And unfortunately the whole system seems to be almost deliberately set up to allow sleazy builders to get away with this kind of thing because it is nearly impossible for you to find out what the builder has to pay for anything and equally impossible for a novice to specify every last detail before you begin building.
I would suggest that the first thing you need to do is go back over your contract with a fine-toothed comb looking for every place where potential selections are not specified to the nth degree. If you have an architect, get him/her to help you. Specifying details is part of what the architect should have done in the first place. Highlight a copy of your contract showing everything that needs further clarification.

Then tell your Builder that you MAY be willing to come up with the additional money THIS TIME but that before you agree to do so, you have to make certain that this will never happen again because you have a very limited budget and selected him in part because his bid was within your budget. The two of you need to sit down and clarify your agreement so that you can be certain the the house can/will be finished within your budget.

Make it clear that you are not seeking to renegotiate the contract - the fixed price is the fixed price - but that you need to reach clarity on exactly what is and is not included and what selections you can and cannot have for that fixed price so that you can avoid future disputes.

(If the two of you are not able to agree on what the contract means, then it will be clear that the two of you never had a meeting of the minds in the first place and therefore never really had a valid contract. If it comes to that point then I'm afraid you are going to need a lawyer - but you might as well find that out now.)

Bottom line is, you need to find out exactly what your builder plans/intends to provide to you for the fixed price that he bid. Then you need to decide if you what he intended to provide is close enough to what you thought you were purchasing to continue doing business with him. But DON'T say that to your builder.

Tell your builder merely that, in the interest of having a pleasant and satisfying build, you want to iron out all such potential issues before they can become disputes. Tell him that you have looked over the contract and have noted a number of instances where there might be similar disagreements in the future. Tell him that because he is a professional with much more experience than you, you would like him to go over the contract before you meet and highlight anything that, in his professional experience, he thinks could POSSIBLY wind up resulting in him having to come to you asking for more money because you wound up choosing something more expensive than he had budgeted for.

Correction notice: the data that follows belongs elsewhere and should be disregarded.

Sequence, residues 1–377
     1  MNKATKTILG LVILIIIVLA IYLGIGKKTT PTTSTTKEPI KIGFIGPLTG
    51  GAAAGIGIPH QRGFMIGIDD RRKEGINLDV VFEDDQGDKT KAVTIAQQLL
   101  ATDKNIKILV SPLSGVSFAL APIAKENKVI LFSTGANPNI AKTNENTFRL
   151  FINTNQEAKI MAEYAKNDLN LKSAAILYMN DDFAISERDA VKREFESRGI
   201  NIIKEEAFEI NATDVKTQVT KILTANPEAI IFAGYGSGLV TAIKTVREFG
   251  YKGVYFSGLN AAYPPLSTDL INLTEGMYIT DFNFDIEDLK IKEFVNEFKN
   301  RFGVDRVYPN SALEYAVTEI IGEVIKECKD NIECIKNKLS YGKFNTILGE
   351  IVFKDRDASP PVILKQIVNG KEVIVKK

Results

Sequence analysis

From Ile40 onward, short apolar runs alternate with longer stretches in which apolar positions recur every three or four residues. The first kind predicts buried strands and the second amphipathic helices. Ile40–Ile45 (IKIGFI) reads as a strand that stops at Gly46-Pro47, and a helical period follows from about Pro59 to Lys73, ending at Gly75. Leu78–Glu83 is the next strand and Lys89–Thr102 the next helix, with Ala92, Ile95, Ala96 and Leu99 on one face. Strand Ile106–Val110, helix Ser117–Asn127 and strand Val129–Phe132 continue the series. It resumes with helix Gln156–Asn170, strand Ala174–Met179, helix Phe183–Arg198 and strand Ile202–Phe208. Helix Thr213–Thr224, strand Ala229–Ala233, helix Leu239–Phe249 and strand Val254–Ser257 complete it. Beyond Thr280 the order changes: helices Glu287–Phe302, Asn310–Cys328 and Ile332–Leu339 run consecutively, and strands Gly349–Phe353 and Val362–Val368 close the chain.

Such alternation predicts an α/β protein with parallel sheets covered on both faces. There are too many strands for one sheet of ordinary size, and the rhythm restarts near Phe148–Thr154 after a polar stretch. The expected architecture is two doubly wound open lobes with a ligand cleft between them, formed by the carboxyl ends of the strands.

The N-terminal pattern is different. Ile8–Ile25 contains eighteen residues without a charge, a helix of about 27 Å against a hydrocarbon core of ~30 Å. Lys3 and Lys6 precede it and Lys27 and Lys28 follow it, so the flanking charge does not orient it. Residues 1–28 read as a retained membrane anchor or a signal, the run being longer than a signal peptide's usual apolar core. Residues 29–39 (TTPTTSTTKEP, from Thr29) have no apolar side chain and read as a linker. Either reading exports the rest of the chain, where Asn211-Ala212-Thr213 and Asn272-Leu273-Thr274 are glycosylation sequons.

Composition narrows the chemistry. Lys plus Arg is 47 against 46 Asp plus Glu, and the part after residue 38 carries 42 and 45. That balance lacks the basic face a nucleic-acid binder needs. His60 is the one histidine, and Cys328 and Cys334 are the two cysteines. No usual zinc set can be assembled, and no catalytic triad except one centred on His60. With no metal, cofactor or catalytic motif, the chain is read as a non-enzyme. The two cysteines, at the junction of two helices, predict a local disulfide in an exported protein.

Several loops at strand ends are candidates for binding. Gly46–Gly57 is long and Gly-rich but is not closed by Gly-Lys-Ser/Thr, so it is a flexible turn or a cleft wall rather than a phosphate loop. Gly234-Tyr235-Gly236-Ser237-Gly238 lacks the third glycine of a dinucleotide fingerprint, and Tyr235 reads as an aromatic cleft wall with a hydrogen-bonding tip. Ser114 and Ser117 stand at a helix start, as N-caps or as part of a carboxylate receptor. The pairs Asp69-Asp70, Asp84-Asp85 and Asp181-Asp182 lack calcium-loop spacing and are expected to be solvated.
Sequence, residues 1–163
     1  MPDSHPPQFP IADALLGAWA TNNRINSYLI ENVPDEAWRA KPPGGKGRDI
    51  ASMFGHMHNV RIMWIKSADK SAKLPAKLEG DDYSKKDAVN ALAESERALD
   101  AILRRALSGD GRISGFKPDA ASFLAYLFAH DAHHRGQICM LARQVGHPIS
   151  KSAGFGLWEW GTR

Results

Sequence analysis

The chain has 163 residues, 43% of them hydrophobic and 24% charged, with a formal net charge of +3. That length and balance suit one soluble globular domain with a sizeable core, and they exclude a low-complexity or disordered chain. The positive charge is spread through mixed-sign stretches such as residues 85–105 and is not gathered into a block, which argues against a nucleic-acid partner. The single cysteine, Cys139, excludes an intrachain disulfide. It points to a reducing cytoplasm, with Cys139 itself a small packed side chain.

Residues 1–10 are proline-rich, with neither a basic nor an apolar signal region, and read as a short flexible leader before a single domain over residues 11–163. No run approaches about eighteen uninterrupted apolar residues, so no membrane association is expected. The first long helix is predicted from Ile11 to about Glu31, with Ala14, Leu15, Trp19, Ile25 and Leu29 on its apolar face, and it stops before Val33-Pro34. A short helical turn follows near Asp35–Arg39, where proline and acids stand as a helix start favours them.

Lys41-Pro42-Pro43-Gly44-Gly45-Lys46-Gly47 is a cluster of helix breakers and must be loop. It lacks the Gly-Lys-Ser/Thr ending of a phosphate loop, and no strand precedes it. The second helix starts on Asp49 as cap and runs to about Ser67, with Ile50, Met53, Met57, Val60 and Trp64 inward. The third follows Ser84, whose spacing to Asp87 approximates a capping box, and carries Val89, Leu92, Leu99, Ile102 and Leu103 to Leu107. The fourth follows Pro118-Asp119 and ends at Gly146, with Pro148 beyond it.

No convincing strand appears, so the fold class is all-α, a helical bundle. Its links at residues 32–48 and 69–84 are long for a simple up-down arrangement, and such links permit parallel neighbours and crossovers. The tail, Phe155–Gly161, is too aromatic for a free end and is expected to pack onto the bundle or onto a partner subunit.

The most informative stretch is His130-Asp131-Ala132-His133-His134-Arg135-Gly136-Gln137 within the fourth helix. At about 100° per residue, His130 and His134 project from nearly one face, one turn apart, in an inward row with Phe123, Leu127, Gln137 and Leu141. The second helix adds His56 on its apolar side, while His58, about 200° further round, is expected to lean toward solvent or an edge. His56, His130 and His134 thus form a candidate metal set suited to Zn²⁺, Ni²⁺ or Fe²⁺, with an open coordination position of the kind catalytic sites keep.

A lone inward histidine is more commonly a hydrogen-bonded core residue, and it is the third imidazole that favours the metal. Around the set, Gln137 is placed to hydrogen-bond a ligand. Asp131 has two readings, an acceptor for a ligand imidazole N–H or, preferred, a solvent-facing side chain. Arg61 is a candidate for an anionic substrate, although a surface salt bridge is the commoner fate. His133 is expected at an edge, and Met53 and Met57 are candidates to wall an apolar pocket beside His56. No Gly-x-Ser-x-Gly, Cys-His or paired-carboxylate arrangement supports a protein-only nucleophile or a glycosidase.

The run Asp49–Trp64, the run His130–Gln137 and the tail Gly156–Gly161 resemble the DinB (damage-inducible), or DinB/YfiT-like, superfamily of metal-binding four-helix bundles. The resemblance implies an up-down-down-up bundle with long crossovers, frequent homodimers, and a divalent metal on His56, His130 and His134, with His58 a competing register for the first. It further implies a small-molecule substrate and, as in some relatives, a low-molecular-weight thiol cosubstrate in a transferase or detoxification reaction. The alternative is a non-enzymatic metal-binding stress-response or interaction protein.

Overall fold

Be respectful and present this as seeking to AVOID any other disputes. After all, there is a good chance that he is a great builder who simply made an error on the door and really wants and believes he can build you the house you desire for the amount he bid.

Recognize now that your builder probably will not bother going thru the contract to find potential issues. There are two possible reasons for this. One, he is a good honest builder who thinks there should be no other issues with the contract plus he is too busy to go over it. OR two, he is a sleaze and every place where the contract is unclear provides him with another opportunity to wrangle additional monies out of you so he doesn't want you to get clarity.

But give your builder the benefit of the doubt and a reasonable length of time to look over the contract again anyway. If he actually comes to you with many of the same items marked that you have highlighted, rejoice! The door issue probably really was just a misunderstanding and he really does want to work with you without nickleing and diming you the whole build. Or, at the very least he has decided to go ahead and lay his cards on the table now.

Sit down and go over each and every item that either of you has identified as insufficiently specified. Come to an agreement with him as to how each item will be handled AND PUT YOUR AGREEMENT IN WRITING AS AN ADDENDUM TO THE ORIGINAL CONTRACT. For each such item, you will want to either:

1) specify EXACTLY what will be selected (manufacturer, item number, color, etc) and exactly how it will be installed (eg., hardwood to be nailed down or glued down, to be laid on the diagonal or square or in a designated pattern, width of grout lines, number of coats of paint and whether spray-on is okay or you want it brushed and backrolled, etc.)

2) specify exactly which manufacturer(s) and/or catalog(s) you may select from and specify that that so long as you select from the specified manufacturer(s) or catalog(s), there will be no additional charges or rebates to you REGARDLESS of actual price of the item, OR